During the last few years researchers in the Applied Physics Group, under the supervision of Prof. Abraham Katzir, have developed a fiber-optic laser system for bonding incisions in tissues. The system is based on three components:
The main goal of the present research was to change the method and adapt it for the soldering of blood vessels. In the past, Dr. Eyal Gur and Dr. Dudi Leshem of the Plastic Surgery Department of Ichilov hospital in Tel Aviv carried out experiments on blood vessels of rats. The research was carried out in the Animal Facilty in Tel Aviv University with the help of the veterinary Dr. Noam Kariv. In these experiments it has been discovered that the transition from skin to blood vessels was not trivial and that it would be a real challenge.
This research project involved several stages: (a) Theory - Preliminary work has already been done by Avi Ravid, who studied the temperature distribution in skin which was irradiated by a CO2 laser. The theoretical work had to be expanded to blood vessels. This theoretical work was a project given to Yaron Rabi, a graduate student, who worked under the supervision of Prof. Amos Hardy. Mr. Rabi also tested the idea of replacing the CO2 laser by a GaAs laser which is much easier to use (b) Experimental work on the fiber laser system - The system had to be adapted for work with tiny, cylindrical, blood vessels. (c) Experimental work on albumin - the process of soldering with albumin had also to be adapted for cylindrical blood vessels. Also, it has been planned to start experiments using GaAs lasers. (d) Animal experiments -Experiments on animals were planned. These experiments were to be carried out by Dr. Eyal Gur, and some younger physicians.
The absorption and scattering of GaAs laser light in tissues was investigated theoretically by means of Monte-Carlo simulation. This study together with extension of Avi Ravid’s study on temperature distribution in tissues enabled us to predict the optimal parameters for laser soldering. The temperature control module influence is currently under investigation. Temperature control system is essential for a successful laser soldering procedure. The theoretical study reduced significantly the number of animal experiments needed in order to reach satisfactory results. We believe that system which utilizes GaAs laser, in addition to mixture of ICG and albumin as solder, and temperature control system will result in a superior laser tissue soldering system.
Experimental Results - Improvements in the Fiber-optic Laser System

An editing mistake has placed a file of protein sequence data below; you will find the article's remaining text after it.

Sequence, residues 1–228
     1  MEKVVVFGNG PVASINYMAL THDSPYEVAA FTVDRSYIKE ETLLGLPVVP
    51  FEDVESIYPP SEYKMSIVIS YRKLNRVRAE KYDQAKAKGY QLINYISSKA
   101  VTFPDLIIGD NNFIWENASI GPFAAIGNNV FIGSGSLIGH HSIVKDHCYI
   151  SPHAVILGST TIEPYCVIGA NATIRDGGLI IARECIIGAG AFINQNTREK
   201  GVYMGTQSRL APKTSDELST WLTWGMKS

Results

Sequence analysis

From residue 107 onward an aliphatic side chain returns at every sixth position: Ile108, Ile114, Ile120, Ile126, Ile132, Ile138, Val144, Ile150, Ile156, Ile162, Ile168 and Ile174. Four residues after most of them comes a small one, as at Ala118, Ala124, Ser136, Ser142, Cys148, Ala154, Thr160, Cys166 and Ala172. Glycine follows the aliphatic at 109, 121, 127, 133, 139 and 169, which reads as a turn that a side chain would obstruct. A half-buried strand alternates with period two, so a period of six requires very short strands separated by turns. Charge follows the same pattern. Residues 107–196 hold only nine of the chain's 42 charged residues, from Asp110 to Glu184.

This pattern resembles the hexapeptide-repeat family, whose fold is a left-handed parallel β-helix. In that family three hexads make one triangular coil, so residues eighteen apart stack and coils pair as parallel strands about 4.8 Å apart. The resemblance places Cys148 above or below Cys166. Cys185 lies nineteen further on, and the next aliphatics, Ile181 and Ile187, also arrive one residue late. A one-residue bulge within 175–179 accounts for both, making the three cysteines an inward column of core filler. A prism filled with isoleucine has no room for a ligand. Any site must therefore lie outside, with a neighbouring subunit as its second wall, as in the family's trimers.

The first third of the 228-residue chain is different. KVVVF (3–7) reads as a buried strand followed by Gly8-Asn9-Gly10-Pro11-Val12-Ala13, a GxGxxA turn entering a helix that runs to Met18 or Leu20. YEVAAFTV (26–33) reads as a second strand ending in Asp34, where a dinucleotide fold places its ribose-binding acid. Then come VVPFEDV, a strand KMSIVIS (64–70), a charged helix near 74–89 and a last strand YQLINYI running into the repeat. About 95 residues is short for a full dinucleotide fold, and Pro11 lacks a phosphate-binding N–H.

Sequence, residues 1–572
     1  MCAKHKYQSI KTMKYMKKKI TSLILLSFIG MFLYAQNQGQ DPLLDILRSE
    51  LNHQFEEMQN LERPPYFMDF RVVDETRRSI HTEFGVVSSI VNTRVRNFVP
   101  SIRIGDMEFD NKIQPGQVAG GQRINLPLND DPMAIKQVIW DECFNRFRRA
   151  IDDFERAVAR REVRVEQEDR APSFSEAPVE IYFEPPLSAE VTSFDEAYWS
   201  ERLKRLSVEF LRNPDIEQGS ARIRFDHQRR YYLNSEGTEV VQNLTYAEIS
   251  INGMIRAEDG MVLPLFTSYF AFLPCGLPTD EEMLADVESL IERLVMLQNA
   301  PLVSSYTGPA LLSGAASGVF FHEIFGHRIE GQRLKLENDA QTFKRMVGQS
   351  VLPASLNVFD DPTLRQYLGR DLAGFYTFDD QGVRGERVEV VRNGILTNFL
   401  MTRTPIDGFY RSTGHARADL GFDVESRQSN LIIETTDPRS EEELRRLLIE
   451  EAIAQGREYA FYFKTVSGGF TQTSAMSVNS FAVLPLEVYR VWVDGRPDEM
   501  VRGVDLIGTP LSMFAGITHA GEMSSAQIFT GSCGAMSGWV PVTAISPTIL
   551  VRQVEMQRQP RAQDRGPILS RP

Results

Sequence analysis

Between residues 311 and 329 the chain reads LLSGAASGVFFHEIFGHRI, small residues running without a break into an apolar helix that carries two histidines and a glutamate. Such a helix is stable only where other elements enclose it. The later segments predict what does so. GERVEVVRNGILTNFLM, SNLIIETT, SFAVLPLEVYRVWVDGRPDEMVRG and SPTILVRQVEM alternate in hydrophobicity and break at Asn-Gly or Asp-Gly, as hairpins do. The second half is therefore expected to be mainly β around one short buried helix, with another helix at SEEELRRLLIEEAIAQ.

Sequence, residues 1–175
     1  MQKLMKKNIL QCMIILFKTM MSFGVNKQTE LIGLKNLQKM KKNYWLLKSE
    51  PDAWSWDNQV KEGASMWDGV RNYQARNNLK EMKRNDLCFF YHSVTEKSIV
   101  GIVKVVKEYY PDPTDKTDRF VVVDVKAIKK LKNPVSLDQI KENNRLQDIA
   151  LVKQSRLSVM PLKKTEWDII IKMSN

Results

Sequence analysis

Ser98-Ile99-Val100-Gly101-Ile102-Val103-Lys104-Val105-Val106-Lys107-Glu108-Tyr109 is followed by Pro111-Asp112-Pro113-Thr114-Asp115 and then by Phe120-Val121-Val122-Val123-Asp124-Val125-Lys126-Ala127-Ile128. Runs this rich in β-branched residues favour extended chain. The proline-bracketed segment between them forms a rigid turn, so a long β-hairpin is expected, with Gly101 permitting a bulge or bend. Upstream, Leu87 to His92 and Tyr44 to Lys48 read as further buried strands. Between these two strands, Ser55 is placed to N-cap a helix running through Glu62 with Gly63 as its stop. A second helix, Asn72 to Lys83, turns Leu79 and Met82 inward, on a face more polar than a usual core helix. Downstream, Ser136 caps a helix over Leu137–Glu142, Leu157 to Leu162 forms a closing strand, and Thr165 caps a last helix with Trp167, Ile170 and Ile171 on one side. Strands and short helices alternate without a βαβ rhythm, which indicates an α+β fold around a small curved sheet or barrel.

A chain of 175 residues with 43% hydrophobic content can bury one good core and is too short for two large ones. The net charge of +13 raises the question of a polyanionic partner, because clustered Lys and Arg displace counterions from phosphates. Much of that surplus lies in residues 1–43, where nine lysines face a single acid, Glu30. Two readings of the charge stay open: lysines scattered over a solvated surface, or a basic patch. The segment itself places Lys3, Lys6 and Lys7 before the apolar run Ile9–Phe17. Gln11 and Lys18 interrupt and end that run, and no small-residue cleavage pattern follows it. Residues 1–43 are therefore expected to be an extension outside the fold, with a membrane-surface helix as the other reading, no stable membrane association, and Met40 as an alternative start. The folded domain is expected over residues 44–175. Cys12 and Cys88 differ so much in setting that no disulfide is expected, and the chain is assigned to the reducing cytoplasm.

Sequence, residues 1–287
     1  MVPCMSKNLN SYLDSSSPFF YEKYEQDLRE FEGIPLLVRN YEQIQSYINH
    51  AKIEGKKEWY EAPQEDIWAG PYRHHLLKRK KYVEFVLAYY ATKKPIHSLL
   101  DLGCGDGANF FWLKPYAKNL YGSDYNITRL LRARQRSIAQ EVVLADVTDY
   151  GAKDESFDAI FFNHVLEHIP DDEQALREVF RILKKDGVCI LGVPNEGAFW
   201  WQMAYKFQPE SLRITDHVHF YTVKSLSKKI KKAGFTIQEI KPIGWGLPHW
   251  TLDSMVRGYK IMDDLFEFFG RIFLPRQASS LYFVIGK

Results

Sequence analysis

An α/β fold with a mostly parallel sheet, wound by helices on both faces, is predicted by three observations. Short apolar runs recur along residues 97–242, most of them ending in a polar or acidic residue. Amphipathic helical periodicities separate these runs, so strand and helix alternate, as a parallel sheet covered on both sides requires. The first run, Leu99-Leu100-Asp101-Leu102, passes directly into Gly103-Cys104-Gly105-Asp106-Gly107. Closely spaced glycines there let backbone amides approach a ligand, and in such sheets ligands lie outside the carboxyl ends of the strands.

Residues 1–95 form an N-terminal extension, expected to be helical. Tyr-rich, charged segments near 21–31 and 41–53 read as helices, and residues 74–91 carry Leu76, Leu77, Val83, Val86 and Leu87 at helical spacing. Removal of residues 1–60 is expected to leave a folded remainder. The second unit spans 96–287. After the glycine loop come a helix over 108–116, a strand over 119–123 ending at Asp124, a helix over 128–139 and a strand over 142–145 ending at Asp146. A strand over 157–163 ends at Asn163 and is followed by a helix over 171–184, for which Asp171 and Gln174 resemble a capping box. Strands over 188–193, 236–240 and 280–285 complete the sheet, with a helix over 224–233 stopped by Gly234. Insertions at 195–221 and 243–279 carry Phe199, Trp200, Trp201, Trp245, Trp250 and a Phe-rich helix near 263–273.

The original fiber-laser system was based on unclad AgClBr fibers of typical diameter 1mm. The CO2 laser beam divergence from these fibers was relatively large, and as a result a spot of diameter 3-4mm was heated. The system controlled the temperature on a spot whose diameter was much larger than the typical diameter of a small blood vessel. Therefore such a system would not be useful for bonding of cuts in such blood vessels. The spot diameter should be smaller than 1mm.
During the research year, the Applied Physics Group has developed AgClBr fibers which consisted of core and cladding. These fibers offered two advantages: (i) The diameter of the core was relatively small (ii) The divergence from the core was relatively small. Preliminary results that had been obtained with core/clad fibers indicate that it would be possible to heat and to control the temperature in a spot of diameter smaller than 1mm.
Also, preliminary results were carried out in vitro using a solder made of albumin mixed with ICG. The laser used was a GaAs laser. The results were very encouraging.
Experimental Results - Albumin Stent
In the past we tried to make a longitudinal incision in a coronary artery in a rat and to try to bond this incision with the aid of controlled heating.
This approach presented several problems:
During the research year we gradually developed a partial solution to these problems. We managed to fabricate tubes made of dried albumin. These tubes serve as stents. We try to insert such a stent into a cut end of a blood vessel and then attach to it another cut end, and then attach the two ends together. We then try to use albumin solder for bounding the two ends together, i.e. to perform anastomoses. This albumin stent will hopefully solve the two problems mentioned above. Some preliminary experiments have already been carried out on bonding of two plastic tubes, and they showed the great potential of the new method for bonding blood vessels.
Results of the animal experiments.
In all of our preliminary experiments we failed to generate reliable and strong bonding of cuts in blood vessels, and the mortality rate of rats in these experiments was high. We therefore stopped the animal experiments for a few months. Now that we seem to have solved the problems, we plan to resume the laser bonding of longitudinal cuts in blood vessels in rats. We will also plan to carry out anastomoses experiments in these animals.
We dedicated most of our efforts, during the year of research, to the development of a better system for laser soldering of blood vessels. We made significant progress in the theoretical work, which was adapted for use with blood vessels. We improved the CO2 laser soldering system and made it possible to heat small spots. We also established a totally new idea for soldering of blood vessels, based on albumin tubes. At the same time we also tried to use the more practical GaAs laser for bonding of blood vessels, using albumin + ICG solder.
We plan to use all these development for further studies of bonding of blood vessels, first in vitro and then in rats, in vivo. With the success of such experiments we will be able to move to larger animals, such as pigs. This should pave the way for clinical trials, in the future.